See what damage eating St John’s Wort caused this heifer



Cavan vet Gerard McGovern came across this case of photosensitivity in a Friesian heifer on a farm recently.

This case of chronic photosensitivity in a Friesian heifer, shows the damage to the non-pigmented skin, which is still red and raw, leaving the pigmented areas in tufts of black islands.

He said that in this case the acute phase of the condition occurred a few weeks previously, with the white hair already growing back.

Primary photosensitivity, he said, is caused by compounds in the blood that react with sunlight, causing damage to the skin.

It happens when an animal eats a plant, like St John’s Wort, that contains a photodynamic agent which builds up in the bloodstream and reacts with UV light to release chemicals, damaging the unpigmented skin.

The vet from Derryginney Veterinary Clinic in Ballyconnell said that it’s a very painful condition for animals, especially if it’s affecting a large skin area, and because sunlight triggers the condition a dark house is always helpful in treating the condition.

Secondary photosensitivity happens when an animal has hepatic pathology (liver damage) and the liver cells are unable to mobilise phylloerythrin (breakdown product of chlorophyll), which accumulates in the bloodstream, acting as a photodynamic agent, he said.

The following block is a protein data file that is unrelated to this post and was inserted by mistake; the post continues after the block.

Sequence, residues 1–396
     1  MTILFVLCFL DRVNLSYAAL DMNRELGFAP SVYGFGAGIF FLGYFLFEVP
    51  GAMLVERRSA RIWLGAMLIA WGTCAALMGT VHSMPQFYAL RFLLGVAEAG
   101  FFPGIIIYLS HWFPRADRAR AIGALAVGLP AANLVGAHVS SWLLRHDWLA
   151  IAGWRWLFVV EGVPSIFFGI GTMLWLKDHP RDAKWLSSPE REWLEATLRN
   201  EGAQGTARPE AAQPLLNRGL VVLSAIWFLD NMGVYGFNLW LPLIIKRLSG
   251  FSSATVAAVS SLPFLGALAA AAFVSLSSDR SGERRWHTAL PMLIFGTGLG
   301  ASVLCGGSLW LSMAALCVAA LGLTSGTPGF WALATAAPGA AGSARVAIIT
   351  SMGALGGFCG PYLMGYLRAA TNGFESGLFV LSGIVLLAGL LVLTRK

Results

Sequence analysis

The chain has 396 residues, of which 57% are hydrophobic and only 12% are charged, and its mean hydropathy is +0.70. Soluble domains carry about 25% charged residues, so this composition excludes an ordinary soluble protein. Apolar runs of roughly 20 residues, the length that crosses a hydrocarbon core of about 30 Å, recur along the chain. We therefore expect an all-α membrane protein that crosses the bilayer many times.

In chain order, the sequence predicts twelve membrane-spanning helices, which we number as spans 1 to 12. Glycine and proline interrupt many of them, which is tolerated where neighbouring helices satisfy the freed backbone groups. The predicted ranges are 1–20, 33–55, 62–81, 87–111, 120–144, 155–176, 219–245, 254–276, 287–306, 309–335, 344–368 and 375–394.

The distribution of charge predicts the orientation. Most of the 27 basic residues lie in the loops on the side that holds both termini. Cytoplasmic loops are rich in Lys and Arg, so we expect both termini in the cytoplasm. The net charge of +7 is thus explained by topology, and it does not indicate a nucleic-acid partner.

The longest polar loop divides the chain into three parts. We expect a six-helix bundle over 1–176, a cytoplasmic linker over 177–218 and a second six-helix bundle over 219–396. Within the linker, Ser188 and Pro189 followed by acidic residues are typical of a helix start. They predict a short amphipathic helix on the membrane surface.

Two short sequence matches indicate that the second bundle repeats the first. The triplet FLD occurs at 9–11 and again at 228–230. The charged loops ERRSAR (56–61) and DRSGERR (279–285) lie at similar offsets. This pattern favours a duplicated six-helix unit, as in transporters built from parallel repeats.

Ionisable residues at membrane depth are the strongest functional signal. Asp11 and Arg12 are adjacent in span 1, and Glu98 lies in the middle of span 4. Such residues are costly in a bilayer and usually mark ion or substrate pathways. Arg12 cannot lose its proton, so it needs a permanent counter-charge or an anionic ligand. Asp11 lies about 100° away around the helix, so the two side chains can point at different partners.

The main signs of photosensitivity include:

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·         Twitching, flicking of ears and tail

·         Irritability, stomping and kicking at self

·         Swelling around the eyes, ears, udder and feet

·         Hair loss, reddening, thickening and peeling of affected skin

In the acute stage, steroids and nonsteroidal anti-inflammatory drugs and antibiotics will help, while emollients on the damaged skin will also help, he said.

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